| A. Polinsky|| Professor|
| An introduction to law and economics|
Yale Law School (1975–1976)
Guggenheim Fellowship for Social Sciences, US & Canada
A. Mitchell Polinsky Wikipedia
Alan Mitchell Polinsky (born 1948) is the Josephine Scott Crocker Professor of Law and Economics at Stanford Law School. At Stanford, Polinsky is the founder and director of the John M. Olin Program in Law and Economics. He is also a past president of the American Law and Economics Association.
Polinsky received his B.A., magna cum laude and with Highest Honors in Economics, from Harvard University in 1970, where he received the Allyn A. Young Prize in Economics. He received his Ph.D. in Economics from the Massachusetts Institute of Technology in 1973 and his M.S.L. from Yale Law School in 1976.
Polinsky joined the faculty of Harvard University in 1973 as an assistant professor of economics. From 1975 to 1977, he was a Russell Sage Foundation Resident in Law and Social Science at Yale Law School and Harvard Law School. In 1977, he returned to Harvard as an assistant professor in economics and as an assistant professor of law and economics at Harvard Law School.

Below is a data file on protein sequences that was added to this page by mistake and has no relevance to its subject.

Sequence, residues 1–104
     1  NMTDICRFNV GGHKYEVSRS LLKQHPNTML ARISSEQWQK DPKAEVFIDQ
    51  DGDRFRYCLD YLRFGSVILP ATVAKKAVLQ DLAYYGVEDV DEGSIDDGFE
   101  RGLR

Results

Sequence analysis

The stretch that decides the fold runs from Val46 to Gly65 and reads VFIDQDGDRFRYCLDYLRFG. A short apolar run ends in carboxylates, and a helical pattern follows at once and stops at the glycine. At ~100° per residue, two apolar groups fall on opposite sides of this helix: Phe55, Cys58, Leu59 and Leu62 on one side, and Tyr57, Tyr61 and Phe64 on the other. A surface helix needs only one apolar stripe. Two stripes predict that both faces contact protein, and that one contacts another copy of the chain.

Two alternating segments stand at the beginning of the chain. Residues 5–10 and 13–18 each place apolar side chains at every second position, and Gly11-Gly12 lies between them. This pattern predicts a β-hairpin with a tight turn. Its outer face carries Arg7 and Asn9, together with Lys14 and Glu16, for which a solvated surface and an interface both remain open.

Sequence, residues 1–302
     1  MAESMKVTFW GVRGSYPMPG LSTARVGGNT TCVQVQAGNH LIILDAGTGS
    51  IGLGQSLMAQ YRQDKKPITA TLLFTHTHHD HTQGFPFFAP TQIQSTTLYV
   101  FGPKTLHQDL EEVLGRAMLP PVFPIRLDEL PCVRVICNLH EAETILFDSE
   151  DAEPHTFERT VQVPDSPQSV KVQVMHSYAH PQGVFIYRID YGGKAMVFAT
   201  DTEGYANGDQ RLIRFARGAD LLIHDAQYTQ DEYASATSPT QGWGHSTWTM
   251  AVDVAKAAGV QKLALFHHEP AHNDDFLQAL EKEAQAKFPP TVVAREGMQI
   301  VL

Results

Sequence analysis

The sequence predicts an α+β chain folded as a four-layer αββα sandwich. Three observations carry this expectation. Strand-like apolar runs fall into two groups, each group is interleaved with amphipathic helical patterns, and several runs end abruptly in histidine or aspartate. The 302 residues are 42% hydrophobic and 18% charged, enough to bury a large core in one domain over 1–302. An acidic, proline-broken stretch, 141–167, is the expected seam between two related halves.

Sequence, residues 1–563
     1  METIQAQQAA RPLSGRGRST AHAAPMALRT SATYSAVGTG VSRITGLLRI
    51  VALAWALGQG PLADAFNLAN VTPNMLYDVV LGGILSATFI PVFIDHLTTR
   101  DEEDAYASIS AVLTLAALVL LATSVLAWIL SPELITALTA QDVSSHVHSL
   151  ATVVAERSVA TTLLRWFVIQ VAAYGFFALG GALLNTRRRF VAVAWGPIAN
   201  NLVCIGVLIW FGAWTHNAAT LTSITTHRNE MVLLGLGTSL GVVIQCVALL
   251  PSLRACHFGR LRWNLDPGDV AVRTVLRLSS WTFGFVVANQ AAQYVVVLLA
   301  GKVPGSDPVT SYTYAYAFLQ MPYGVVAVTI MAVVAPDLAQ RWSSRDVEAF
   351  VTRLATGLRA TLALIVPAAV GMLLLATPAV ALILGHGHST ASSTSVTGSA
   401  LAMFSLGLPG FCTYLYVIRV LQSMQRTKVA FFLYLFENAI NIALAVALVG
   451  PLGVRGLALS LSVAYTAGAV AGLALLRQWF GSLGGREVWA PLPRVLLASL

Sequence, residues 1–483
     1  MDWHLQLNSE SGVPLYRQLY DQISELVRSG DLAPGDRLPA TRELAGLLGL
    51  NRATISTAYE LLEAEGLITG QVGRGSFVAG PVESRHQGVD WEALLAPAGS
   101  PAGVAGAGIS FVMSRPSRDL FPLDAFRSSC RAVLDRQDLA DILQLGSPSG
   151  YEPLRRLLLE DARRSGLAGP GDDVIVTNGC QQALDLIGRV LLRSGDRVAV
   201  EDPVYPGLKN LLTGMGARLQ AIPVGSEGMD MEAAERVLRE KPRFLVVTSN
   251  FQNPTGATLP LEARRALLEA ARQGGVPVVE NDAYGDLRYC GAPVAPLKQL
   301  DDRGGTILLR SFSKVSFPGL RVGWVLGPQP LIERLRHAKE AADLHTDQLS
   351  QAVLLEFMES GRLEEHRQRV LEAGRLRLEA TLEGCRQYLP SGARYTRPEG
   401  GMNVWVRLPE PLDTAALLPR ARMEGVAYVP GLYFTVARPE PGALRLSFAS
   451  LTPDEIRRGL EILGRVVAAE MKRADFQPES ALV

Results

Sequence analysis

In 1979, Polinsky joined the faculty of Stanford University and Stanford Law School, where was appointed the Josephine Scott Crocker Professor of Law and Economics in 1984. In 1985, he served as a National Fellow in the Domestic Studies Program at the Hoover Institution and was a Guggenheim Fellow in 1993.
Polinsky currently serves as a researcher in the Law and Economics Program of the National Bureau of Economic Research.
Polinsky is a prolific scholar in the field of law and economics. His work has been published in leading law journals, including the Stanford Law Review, the Harvard Law Review, and the Georgetown Law Journal, and in numerous peer-reviewed journals, including the Journal of Legal Studies, the RAND Journal of Economics, and the American Economic Review.
According to a 2014 study, Polinsky is among the ten most widely cited legal scholars in law and economics.